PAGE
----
Nasser Hussain says new-look England ODI squad can push Test claims in Pakistan series

Nasser Hussain says England’s new-look ODI squad can use the matches against Pakistan to push their claims for Test selection against India this summer and then in the Ashes this winter.

England’s initial 16-man squad for the Pakistan ODIs was placed in isolation after a Covid-19 outbreak in the camp – but a replacement XI starred in Cardiff on Thursday as the hosts thumped Babar Azam’s men by nine wickets to move 1-0 up in the three-match series.

Zak Crawley – who has reached double figures just three times in his last 12 Test innings – hit 58 not out on his ODI debut, sharing an unbeaten second-wicket stand of 120 with Dawid Malan (68no), who played the most recent of his 18 Tests against India in August 2018.

Seamer Saqib Mahmood, who is uncapped at Test level, had earlier taken 4-42, including the wickets of Imam-ul-Haq and Babar for ducks in the first over of the match, to skittle Pakistan for 141.

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Sky Sports Cricket expert and former England captain Hussain said: “I actually think this series is about the red-ball game to a degree.


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“These players are not really going to break up the England ODI side, they’re not going to suddenly dislodge the likes of [Jason] Roy and [Jonny] Bairstow at the top of the order.

“But, looking ahead to the Tests, Crawley needs some runs and Malan needs some runs to maybe force his way back in.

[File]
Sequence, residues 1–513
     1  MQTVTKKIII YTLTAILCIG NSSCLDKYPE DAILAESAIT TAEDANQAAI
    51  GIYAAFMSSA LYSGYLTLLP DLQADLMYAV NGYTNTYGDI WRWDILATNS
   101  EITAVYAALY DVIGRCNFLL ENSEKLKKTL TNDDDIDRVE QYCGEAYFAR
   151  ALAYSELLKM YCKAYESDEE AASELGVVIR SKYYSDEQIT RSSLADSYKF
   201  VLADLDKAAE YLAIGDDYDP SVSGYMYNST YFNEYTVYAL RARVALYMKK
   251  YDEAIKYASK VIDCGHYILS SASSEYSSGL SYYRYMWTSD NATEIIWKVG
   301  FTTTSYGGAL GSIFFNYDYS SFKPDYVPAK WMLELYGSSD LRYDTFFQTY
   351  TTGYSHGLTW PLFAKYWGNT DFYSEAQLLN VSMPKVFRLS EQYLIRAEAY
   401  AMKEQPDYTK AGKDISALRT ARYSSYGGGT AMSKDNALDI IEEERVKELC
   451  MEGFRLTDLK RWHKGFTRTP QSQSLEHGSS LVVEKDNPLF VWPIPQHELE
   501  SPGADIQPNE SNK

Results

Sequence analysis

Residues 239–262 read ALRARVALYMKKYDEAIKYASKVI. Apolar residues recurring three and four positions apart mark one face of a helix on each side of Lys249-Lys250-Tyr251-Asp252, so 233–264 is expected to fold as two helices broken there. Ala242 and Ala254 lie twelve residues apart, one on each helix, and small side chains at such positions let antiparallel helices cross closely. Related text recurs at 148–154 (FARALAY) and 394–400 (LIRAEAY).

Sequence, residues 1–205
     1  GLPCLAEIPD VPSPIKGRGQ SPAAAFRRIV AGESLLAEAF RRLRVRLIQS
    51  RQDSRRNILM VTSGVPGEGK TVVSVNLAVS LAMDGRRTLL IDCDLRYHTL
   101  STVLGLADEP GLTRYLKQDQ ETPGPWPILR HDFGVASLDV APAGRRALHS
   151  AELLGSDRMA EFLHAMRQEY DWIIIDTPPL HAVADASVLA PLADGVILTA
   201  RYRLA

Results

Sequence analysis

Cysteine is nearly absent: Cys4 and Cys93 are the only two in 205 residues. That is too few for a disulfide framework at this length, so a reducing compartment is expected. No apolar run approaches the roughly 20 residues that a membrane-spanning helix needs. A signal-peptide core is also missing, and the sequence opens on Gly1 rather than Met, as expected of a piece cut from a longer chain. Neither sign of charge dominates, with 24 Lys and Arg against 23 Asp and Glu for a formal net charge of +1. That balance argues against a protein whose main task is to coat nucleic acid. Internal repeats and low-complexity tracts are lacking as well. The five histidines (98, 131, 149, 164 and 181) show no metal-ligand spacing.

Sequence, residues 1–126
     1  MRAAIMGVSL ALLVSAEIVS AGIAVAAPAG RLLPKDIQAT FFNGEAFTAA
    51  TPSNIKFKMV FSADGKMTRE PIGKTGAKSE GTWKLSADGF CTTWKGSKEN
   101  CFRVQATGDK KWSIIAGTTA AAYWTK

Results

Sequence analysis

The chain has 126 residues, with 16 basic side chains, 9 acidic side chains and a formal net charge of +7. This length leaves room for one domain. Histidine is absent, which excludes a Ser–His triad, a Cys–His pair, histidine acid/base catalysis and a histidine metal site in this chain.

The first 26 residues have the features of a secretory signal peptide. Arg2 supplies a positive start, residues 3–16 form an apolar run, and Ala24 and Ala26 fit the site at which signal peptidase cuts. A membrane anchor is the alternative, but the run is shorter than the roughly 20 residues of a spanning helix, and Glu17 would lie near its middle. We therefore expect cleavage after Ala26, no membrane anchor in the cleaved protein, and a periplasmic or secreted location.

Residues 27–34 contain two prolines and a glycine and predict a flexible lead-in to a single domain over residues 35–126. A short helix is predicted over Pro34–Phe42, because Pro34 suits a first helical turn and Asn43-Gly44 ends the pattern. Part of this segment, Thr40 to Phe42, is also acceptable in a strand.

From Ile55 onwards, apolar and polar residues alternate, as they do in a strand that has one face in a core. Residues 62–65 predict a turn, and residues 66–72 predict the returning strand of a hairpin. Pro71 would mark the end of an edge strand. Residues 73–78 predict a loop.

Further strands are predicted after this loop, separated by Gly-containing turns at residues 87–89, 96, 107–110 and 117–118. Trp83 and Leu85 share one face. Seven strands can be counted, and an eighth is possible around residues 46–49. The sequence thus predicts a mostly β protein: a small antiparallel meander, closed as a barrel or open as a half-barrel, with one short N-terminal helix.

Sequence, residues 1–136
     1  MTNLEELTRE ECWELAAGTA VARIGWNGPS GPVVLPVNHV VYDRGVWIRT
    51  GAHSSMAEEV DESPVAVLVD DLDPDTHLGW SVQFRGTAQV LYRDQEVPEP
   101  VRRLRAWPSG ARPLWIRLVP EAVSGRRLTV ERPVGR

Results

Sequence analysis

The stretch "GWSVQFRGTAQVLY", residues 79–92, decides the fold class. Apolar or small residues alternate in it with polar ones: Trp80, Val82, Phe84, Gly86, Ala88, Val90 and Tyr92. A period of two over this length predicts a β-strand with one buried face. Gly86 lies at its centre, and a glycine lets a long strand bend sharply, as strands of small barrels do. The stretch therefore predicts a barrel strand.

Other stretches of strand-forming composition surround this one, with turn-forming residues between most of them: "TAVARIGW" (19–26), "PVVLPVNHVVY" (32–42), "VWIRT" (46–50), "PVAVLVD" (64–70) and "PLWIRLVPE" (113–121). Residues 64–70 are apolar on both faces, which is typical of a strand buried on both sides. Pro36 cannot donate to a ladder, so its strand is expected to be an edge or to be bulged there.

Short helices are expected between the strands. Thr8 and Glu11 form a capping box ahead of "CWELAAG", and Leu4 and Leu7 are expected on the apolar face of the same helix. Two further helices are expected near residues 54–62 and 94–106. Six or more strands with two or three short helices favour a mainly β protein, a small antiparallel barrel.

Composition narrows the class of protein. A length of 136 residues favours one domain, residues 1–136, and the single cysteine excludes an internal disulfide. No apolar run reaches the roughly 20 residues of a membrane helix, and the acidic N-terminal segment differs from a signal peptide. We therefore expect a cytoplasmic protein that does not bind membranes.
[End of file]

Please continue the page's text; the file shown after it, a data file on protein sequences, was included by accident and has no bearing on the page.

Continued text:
“Mahmood looks like he could really be an option for the tour of Australia, with England looking for pace after the injury to Olly Stone. Those three certainly staked a claim in this game.”

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Key: Malan a better player than we thought

Malan scored a century in the Ashes Test at Perth in December 2017 but was then dropped by England in the home summer of 2018, with then national selector Ed Smith going on to suggest that the left-hander’s game was perhaps “better suited to overseas conditions”.

Malan has not played a Test since but is the top-ranked T20I batsman in the world, having passed fifty 12 times in 27 innings in that format, and now has two half-centuries in four ODI innings.

The 33-year-old also scored 199 for Yorkshire against Sussex in the LV= Insurance County Championship last month to push his case for the Tests against India, which start in August.

Sky Sports’ Rob Key said of Malan: “He has always been a very good player, but now we’re seeing him translate that into international cricket.

“There are some players whose game it just raises, whether that be because of the occasion or whatever it is. He is the epitome of that.

“He is a better player than any of us who have played against him in county cricket thought. Yes, he was a good player, but now he is becoming a serious player in international cricket. The way Malan played there will already be talk of him coming back into the Test team.”